Reference will be had now to FIG. 8, which depicts a different, albeit similarly based, arrangement. Basically, the objects are associated with a bridge 50 (short "i") which may be of a sitting or swinging (short "i's") type and which short "i" sound may be further augmented by designating the bridge "Indy's bridge". The child first walks through, over or around a three-dimensional object in the form of an apple 52 (short "a") and reaches the bridge via a combination elephant-steps-entry deck 54 (all short "e's". An object 56 in the form of an octopus box 56 (short "o's") is disposed on the bridge and may be hopped on before the child reaches an umbrella 58 (short "u") which is in shut (short "u") position or the child may be instructed to "shut" it. At the right end of the bridge is a representative form of "gym" equipment, here in the form of a hollow cylindrical slide 60 that leads to the ground. Reverting to the apple 52, the short "a" sound may be augmented by the provision of a real or imitation crack 62 (short "a"). As noted before, the vowel sounds, whether long, short or otherwise, are capable of being represented by objects capable of being constructed so as to function as exercise or playground equipment.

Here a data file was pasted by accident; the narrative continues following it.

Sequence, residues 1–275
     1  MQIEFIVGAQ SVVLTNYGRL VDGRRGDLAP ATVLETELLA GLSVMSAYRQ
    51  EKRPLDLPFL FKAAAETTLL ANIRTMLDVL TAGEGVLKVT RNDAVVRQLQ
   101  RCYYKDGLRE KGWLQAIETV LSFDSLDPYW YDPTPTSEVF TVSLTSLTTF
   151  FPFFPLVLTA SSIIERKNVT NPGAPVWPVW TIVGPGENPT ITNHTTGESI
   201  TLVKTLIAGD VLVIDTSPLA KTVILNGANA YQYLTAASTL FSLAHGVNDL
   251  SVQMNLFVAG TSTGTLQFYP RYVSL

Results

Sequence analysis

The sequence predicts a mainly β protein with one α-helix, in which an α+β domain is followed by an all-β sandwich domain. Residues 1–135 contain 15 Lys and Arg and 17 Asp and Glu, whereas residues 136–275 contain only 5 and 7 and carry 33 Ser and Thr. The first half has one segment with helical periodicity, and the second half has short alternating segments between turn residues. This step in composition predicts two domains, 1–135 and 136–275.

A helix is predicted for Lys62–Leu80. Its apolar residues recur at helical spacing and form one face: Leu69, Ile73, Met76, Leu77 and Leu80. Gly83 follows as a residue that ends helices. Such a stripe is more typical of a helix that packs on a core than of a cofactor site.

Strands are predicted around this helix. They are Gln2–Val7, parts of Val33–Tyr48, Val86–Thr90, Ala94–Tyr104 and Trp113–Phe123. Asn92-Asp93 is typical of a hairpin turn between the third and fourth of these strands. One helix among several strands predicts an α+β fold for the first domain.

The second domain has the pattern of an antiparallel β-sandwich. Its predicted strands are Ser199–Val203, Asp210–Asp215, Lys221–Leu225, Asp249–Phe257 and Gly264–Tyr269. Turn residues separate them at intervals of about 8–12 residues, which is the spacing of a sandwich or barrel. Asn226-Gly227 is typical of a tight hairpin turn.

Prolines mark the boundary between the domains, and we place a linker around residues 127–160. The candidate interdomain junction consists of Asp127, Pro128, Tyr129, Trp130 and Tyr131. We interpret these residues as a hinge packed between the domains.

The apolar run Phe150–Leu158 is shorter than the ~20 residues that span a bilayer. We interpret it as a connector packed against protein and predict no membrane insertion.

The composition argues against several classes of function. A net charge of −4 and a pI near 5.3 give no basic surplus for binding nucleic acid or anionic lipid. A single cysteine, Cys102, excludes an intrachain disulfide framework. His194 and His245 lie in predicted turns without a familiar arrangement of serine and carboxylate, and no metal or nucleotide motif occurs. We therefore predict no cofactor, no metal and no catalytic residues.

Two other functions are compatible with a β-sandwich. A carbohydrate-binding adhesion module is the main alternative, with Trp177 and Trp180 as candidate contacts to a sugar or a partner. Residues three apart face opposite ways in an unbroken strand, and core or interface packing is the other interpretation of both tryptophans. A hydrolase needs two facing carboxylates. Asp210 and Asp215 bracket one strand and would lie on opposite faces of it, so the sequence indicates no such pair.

The "gym" slide or cylinder represents the short "y" which is at the end of the a, e, i, o, u sequence as it should be. In actual practice, the designating letters could appear directly on the respective objects themselves, and, if desired, the objects could be painted different colors. Also, if desired, the program could include a musical or motion-picture background in which the names of the objects would be pronounced. Further, some or all of the objects could be animated.